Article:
It is a Wednesday night and suddenly I find myself with time on my hands. Having written all day on botany and femininity, then gone for a swim in the decrepit local pool, and not feeling like reading, nor having a TV with which to spongify my brain, I am left with my blog. So now it’s time to write about our jaunt to hear CousinA play in his band, which I intended to get down a few weeks ago. CousinA used to live south of the river, and whenever we went to visit I would always feel conspicuously overdressed. So this time, hearing that the rugby club where he was playing was in the middle of a paddock south of the river (according to H), and having visions of sinking into the grass in my stilettos, I elected to dress down. I was colour coordinated (in green) but I wore sneakers (the only pair of flat shoes I own). You can imagine my horror then, to get inside and find the men in shirts and trousers, and the girls in spangly tops and high heels. I couldn’t work it out – it was a rugby club in the middle of nowhere – and on expressing my consternation to CousinA, he explained that this was a big night out for the girls, that they only went into the city for big occasions, and they were here to find a husband.
Then the girls perched, like budgies on a branch, on the top of the benches running about the room so they could see the band and of course, have their assets viewed by the blokes. But the blokes stood with their backs to the girls, watching the singers, and ignored them. I couldn’t understand that either; if you like a girl/boy you go and talk to them.
Anyway, CousinA sang his stuff, and was very good and got everyone in the mood for a dance, and once he was done we went off home with his guitar so he could carry on partying. On the DLR, a man with many piercings and a small woman with bottle blonde hair and huge black boots asked us whether the DLR went to Lewisham. H explained that it wasn’t going all the way and they would have to get off at Mudchute and catch a bus. We also had to get off at Mudchute and catch a bus. So at Mudchute we trundled to the bus stop, following the couple.
Then H, being like the friendly Labrador that he is, decided to strike up a conversation (one of these days he’s going to get stabbed, but that’s his choice). It transpired that they were cousins and were going to the White Swan, a trashy gay pub which is apparently an East End institution, and they don’t allow women in to the amateur strip nights on Wednesdays. H once took my supervisor and his boyfriend there after our house party (on a Saturday, I hasten to add) and thus corrupted him (well, I’m sure my supervisor is already corrupt but I don’t want to think about that). The man began a discussion with H about the kind of men he liked, which H kindly repeated for me afterwards (‘I like big, muscly men, y’know?’) Then the man noticed my hearing aid and said, ‘Oi, we’re both deaf too.’ He proceeded to elaborate on how he and his cousin had each lost their hearing but, ironically, I couldn't hear what he was saying.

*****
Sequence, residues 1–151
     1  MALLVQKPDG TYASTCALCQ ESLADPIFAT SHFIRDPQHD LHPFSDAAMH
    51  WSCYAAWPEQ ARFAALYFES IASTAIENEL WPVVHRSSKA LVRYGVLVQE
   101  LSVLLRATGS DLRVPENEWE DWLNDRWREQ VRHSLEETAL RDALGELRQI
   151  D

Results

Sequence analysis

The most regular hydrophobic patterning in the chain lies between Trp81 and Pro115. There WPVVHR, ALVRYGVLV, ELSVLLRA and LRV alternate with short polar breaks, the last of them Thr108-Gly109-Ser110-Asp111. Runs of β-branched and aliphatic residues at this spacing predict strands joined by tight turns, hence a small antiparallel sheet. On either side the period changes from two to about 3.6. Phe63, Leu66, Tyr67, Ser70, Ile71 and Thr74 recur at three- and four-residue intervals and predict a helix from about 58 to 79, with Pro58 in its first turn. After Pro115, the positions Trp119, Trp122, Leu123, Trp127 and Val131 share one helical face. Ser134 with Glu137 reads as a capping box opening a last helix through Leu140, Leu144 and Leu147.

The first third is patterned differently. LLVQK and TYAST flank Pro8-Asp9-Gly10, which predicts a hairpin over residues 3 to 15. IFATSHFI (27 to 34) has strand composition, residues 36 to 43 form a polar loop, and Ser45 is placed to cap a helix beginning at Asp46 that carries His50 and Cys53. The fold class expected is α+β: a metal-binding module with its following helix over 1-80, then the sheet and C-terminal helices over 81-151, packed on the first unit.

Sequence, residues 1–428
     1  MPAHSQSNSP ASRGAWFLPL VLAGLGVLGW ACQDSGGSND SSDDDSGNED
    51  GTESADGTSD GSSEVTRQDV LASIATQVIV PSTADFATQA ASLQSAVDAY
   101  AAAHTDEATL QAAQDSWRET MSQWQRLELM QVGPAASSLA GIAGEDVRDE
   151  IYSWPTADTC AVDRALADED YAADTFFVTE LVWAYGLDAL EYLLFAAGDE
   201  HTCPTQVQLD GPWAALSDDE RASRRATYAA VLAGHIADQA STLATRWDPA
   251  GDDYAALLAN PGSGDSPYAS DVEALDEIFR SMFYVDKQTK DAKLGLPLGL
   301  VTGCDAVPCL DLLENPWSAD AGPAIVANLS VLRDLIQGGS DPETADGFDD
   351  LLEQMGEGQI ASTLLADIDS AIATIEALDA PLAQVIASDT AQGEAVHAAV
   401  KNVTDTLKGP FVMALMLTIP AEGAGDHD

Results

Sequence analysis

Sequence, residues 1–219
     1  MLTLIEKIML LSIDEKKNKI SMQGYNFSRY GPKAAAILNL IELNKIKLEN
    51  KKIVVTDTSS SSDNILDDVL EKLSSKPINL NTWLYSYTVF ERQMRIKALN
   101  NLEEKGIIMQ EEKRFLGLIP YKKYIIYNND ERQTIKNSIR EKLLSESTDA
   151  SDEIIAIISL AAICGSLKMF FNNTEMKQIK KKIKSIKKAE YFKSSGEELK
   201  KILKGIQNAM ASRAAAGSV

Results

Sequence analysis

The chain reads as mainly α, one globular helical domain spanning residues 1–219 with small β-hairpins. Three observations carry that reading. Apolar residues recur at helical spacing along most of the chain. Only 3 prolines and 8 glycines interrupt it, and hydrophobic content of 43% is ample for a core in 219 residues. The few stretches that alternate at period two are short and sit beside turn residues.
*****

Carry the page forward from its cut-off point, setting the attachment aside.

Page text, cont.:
Then a bus went by and suddenly H shouted, ‘Jess, we’re on the wrong side of the road!” This was my fault because I had looked at the bus timetable but not the bus map. We ran after the bus, swinging the guitar, the small woman clomping in her built up heels, but it was too fast. In despair, I agreed that we should walk to the main road and find a taxi. The cousins went ahead of us and proceeded to have an argument.
On the main road, we flagged a cab and bundled in. The woman must have been on E because she was talking so fast. She had kids, and this was a rare night out for her, I gathered. We pulled up at Limehouse, and H said, ‘Don’t worry, I’ll pay for it,’ and the woman, who was getting out her wallet, said, ‘Oi, orright,’ and put her wallet away and got out of the cab. The cousin followed her and they took off immediately without saying thank you. I would have been disgusted if they hadn’t been so entertaining, and I admit I had the bad grace to start laughing while they were within hearing. One always seems to get more than one bargains for when one goes to visit CousinA, but that’s one of the reasons why we love him.